It’s interesting the article pointed to some that some are enrolled so they can be billingual in a world vocation market. Look folks, that’s not the intent of the school. The intent is to promote this “wishy washy” idea that we need to embrace their culture instead of their embracing our culture. Remember there is a reason they are coming over here by the millions and you don’t hear about many Americans immigrating to Mexico.

    I know I probably sound like an old codger, but our schools need to be more concerned about reading, writing, and arithmetic. We need to leave all the social heritage stuff to parents and after school private clubs and organizations. It’s becoming rather obvious as to why the children of the Estados Unidos are getting their asses kicked in the Sciences by other countries who have a better idea of what a pubilc education should involve.

  3. Overincorporated Fulton says:

    “If it’s private funded that’s one thing, but if my taxes are paying for it then I want the kids to get an education.”

    This is ignorant, for reasons I believe to be self-explanatory.

    “I know I probably sound like an old codger, but our schools need to be more concerned about reading, writing, and arithmetic.”

    Well, as it turns, out:

    “During the first two weeks of school, they’ve been learning about colors, numbers, the month of August and the letters A and E.”

    Sounds an awful lot like my elementary school education. Oh, an another thing Atlantaman. As clearly explained by the article, 2/3 of the students are English speakers whose parents want them to learn another language. This isn’t about “coddling.” It’s about school choice, a value I’d think you’d embrace. Big surprise that conservative love giving people choices until people start making choices they don’t like.

  4. Know Nothing says:

    There is another school like this in the subburbs of Boston, but I think it’s primarily a school for pre-schoolers. But I could be wrong. In my opinion, this premise behind the school is good, it is important that children learn foreign languages at an early age. However, it is not good that LEP students (that’s limited English proficient) are being taught in their native languages. It has been proven that bilingual education for LEP students does not work, and actually harms the student in the long run.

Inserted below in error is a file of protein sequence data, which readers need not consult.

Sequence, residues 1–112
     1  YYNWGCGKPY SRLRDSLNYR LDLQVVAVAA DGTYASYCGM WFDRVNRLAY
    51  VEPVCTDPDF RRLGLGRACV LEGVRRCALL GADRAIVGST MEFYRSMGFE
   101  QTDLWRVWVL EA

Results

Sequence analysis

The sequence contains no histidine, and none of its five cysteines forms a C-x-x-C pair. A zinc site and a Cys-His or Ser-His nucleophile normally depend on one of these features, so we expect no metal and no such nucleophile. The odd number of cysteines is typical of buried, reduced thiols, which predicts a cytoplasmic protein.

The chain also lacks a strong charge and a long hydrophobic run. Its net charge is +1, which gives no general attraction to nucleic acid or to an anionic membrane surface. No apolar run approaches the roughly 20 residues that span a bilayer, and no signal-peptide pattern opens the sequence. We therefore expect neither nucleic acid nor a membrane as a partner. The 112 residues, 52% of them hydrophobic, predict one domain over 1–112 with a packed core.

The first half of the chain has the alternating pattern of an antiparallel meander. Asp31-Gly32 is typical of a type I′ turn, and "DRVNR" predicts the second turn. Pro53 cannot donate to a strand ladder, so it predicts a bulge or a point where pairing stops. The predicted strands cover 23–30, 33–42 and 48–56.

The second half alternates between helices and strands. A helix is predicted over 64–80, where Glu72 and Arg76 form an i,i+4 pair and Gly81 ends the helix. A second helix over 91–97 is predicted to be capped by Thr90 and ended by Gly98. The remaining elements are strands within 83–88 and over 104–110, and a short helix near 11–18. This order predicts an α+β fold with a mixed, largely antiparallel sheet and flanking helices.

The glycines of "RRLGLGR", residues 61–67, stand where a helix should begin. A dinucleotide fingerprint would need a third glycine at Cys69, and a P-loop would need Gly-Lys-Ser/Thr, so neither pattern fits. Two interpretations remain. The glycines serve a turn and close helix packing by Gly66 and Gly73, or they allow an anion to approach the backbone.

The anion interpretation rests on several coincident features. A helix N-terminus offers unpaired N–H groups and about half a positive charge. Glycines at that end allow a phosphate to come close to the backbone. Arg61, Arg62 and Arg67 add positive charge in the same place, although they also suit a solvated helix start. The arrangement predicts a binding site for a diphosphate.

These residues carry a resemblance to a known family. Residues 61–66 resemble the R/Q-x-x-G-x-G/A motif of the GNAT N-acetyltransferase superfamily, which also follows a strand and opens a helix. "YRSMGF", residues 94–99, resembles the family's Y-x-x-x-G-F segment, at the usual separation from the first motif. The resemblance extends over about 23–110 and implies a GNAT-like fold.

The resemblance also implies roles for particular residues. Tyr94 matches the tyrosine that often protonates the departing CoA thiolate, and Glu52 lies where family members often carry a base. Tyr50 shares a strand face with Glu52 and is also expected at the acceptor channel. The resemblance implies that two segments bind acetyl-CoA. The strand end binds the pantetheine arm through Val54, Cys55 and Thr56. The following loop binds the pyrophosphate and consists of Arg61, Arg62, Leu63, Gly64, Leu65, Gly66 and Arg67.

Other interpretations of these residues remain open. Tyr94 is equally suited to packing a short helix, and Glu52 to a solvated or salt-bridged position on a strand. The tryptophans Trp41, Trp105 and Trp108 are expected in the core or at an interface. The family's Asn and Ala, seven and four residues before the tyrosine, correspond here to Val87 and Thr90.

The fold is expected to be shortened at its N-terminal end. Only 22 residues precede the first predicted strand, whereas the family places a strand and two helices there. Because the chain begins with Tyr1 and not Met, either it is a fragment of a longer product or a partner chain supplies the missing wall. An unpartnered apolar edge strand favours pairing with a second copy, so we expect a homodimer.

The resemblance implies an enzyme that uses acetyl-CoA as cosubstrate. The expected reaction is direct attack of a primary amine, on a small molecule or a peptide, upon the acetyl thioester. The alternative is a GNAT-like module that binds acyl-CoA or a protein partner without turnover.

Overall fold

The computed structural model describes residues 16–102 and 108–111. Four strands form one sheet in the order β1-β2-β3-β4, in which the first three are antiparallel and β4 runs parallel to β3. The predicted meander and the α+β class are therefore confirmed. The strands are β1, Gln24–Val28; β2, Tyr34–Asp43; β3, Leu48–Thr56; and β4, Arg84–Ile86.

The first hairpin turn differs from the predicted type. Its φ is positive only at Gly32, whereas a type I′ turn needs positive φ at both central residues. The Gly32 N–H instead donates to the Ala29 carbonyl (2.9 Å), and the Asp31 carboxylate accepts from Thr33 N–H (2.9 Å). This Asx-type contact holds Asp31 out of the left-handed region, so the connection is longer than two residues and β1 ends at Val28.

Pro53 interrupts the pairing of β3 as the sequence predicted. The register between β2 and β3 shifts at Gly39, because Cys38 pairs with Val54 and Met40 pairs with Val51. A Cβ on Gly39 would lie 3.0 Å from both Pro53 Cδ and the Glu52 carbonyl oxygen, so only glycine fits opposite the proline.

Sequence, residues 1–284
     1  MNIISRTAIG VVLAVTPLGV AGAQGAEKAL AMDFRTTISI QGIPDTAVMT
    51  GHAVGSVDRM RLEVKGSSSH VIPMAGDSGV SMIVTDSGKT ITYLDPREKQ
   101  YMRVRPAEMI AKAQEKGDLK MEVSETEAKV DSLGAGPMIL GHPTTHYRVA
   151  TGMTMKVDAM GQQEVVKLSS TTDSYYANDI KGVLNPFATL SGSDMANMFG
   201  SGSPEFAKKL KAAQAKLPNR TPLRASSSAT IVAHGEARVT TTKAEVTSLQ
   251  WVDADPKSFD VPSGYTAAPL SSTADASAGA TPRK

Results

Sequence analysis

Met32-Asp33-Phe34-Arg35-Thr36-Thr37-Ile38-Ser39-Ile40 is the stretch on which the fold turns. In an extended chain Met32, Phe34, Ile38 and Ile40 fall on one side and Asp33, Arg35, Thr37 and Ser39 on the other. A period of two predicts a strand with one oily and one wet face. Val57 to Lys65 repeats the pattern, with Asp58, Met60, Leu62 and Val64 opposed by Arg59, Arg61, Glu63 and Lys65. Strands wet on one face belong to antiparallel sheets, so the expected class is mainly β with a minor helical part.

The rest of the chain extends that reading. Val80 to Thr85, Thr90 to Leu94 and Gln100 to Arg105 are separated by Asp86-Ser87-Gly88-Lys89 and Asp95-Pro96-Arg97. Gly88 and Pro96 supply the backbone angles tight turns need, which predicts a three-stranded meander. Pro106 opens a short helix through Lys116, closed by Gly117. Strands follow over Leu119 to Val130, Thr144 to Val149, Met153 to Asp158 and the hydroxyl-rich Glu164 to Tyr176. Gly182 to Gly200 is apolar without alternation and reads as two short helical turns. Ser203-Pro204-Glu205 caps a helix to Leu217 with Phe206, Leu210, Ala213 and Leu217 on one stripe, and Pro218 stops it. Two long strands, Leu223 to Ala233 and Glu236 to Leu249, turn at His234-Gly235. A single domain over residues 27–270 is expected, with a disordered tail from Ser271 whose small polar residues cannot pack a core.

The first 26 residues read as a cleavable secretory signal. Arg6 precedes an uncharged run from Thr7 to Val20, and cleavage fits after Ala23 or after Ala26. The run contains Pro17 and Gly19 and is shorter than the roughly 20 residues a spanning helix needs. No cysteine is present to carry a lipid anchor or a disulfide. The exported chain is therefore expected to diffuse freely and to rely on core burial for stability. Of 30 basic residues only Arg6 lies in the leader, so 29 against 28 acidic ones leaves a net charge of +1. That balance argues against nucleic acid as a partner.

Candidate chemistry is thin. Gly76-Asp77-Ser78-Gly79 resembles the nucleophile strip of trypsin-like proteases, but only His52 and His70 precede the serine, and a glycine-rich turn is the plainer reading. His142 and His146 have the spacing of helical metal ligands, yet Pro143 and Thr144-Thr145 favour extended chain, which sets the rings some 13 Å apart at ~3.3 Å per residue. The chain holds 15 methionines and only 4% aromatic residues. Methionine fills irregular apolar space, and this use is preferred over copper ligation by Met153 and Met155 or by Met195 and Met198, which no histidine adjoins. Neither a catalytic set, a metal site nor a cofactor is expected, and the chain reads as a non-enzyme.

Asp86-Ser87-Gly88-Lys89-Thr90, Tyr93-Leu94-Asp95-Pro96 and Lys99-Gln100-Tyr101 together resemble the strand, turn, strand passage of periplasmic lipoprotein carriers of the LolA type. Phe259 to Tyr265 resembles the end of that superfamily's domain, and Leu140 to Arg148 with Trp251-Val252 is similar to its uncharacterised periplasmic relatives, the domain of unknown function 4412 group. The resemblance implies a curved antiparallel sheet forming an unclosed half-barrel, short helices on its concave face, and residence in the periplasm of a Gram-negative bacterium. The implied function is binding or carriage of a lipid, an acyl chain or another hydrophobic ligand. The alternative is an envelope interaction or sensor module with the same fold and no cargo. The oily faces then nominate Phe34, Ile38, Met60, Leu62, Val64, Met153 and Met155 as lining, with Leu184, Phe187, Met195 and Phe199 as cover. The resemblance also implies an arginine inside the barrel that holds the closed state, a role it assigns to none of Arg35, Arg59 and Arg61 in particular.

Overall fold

5. atlantaman says:

    We’ve grown weak and soft. Government tax dollars were not going to fund Italian, Polish, or Irish speaking schools, those children were taught that if you want to be part of the American dream you should embrace our culture – now their grandchildren are doctors, lawyers and businessman. These folks are coming to America because it’s the greatest Country in the world, why apologize to them when they get here. I don’t want to pay for children to learn this multi-cultural, wishy-washy garbarge. I don’t care if they dedicate some time to colors and letters. One need not look any futher then our plummeting standing in the world education market to be worried. We are getting killed when it comes to Science and Math and yet so many people are more interested in the warm, fuzzy feeling they get in their heart when they see Mexican and American children fighting to sit with each other at lunch and learn about each other’s cultures.

    I have no problem with children learning a foreign language, as a matter of fact I think it’s a very good idea. I have a problem with Mexican children being taught in their native language in an American school.

    Let’s get them up and running in English first since that is the native language of the Country they will more then likely be spending the rest of their lives in. Then if we’d like we can enroll the immigrants in a German or French class tnstead of using them as props for some American parents to feel good that their kids are getting to see how the other half lives.